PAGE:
How is the NHS crisis linked to the social care crisis?

We’ve all seen the endless stream of news on full NHS beds, prolonged ambulance waiting times and overworked staff – but where does social care come into all this? 

In the UK, there are currently 13,000 patients who are ready to be discharged from hospital, but can’t leave because of issues within the social care system. 

In this blog, we explore these issues and how they are directly impacting the NHS crisis. 

Staffing shortages

There are nearly 1.8 million staff who work in the social care sector, compared to the NHS which currently has around 1.2 million employees.  On top of this, there are over 10 million unpaid carers. 

All in all, there simply aren’t enough staff to keep up with demand, with the vacancy rate currently the highest on record (10.7%). This is due to a number of factors, including an increase in sickness related absences since the pandemic and Brexit-related retention issues. 

A speaker for Nuffield Trust said social care has seen “a drop in EU nationals which has not been compensated by wider recruitment.” 

However, the biggest issue still resides in pay, with the average social worker salary standing at £18,000 a year. 

Community Integrated Care is one of the charities working towards closing the pay gap, and recently launched its #UnfairToCare report


When the NHS was founded in 1948, it was agreed that healthcare would be free of cost, while social care would be funded by local authorities. With our ageing population, there is now an unprecedented demand for social care which the old system can no longer keep up with.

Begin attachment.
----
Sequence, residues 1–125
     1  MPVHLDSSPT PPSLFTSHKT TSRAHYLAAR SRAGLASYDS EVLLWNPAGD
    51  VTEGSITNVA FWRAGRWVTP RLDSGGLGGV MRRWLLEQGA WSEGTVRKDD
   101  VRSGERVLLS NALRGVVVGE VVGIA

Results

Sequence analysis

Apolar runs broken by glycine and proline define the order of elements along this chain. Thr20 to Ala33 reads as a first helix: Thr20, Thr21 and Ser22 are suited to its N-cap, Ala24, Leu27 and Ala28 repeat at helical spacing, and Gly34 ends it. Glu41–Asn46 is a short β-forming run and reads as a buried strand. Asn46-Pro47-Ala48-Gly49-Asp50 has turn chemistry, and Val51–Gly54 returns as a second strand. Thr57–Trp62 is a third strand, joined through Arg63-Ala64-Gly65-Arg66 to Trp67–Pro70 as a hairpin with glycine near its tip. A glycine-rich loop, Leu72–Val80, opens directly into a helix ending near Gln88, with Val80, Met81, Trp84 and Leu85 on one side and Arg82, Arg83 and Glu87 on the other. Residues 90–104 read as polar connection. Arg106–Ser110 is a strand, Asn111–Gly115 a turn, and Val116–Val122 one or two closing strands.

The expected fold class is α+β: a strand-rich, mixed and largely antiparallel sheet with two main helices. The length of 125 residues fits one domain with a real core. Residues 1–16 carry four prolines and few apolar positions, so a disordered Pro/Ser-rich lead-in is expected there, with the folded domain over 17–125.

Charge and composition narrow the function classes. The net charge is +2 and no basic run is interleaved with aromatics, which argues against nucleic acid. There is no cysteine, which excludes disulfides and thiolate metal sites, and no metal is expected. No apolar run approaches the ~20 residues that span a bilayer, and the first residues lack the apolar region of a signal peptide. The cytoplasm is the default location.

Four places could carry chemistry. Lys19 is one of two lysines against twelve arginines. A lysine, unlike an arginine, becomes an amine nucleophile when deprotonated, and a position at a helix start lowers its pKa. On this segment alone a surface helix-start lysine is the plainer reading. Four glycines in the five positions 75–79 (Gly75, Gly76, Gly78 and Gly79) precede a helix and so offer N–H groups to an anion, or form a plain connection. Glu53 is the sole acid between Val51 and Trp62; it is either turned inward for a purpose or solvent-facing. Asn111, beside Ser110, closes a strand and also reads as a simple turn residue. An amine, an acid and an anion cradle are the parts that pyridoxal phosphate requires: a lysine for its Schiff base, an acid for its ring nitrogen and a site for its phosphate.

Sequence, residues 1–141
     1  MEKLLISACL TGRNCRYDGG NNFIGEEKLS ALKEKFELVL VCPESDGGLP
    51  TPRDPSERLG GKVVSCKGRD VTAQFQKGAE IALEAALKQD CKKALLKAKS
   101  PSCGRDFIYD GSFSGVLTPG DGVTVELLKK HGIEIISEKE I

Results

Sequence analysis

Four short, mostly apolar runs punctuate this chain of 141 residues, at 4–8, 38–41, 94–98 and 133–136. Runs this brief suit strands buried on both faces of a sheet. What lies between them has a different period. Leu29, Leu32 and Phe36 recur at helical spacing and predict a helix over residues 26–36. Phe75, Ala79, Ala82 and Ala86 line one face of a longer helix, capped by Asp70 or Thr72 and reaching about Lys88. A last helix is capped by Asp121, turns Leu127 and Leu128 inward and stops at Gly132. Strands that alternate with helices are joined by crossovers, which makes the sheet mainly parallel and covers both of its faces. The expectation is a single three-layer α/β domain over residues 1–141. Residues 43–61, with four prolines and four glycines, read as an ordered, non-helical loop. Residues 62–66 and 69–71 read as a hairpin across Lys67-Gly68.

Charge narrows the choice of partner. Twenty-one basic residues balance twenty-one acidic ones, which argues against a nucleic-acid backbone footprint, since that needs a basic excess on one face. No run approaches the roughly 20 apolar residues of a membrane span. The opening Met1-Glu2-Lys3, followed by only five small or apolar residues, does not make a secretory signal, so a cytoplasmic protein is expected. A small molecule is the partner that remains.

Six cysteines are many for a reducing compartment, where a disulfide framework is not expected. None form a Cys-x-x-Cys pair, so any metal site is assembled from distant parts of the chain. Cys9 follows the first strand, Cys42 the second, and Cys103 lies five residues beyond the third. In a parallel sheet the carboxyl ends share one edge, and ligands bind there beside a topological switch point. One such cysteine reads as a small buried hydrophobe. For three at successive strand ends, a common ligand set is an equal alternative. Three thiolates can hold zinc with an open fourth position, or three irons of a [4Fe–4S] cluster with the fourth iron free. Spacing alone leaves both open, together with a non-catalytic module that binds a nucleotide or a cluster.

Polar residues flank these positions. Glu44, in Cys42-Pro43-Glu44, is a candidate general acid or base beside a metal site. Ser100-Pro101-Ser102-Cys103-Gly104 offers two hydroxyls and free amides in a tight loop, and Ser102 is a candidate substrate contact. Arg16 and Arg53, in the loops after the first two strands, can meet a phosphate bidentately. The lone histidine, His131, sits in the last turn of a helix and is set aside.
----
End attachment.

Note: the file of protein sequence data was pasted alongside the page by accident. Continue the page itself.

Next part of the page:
As the King’s Fund Social Care 360 report highlights, “spending per head has fallen from £593 per person to £585 per person.” This has placed increased pressure on social care budgets, which are already struggling as a result of Brexit and Covid-19. 

Now what we have is both pressure on the overall care budget, as well as pressure on how health and social care collaborate. 

Dr Dan Poulter, Tory MP and former health minister told The Guardian: “The system is fragmented. There is no financial incentive in the system for these parts to work together. Instead the reverse is often the case. There are competing priorities.” 

What progress are we seeing? 

The UK government is looking to introduce integrated care boards which aim to “plan and deliver health and care services”. 

Prime Minister Rishi Sunak has also promised more than £200m in funding to speed up the hospital discharge process and move medically fit patients into social care. 

However, it is evident that there is still a lot more progress to be made until the social care sector is no longer at risk. 

Or as BBC’s Ros Atkins puts it, “we need two systems that can act as one – at the moment that remains a goal, not a reality.”

Social Personnel have put together a list of resources for social workers struggling with their mental health at this difficult time, which you can check out here

carlette Isaac

Leave a Reply

Required fields are marked *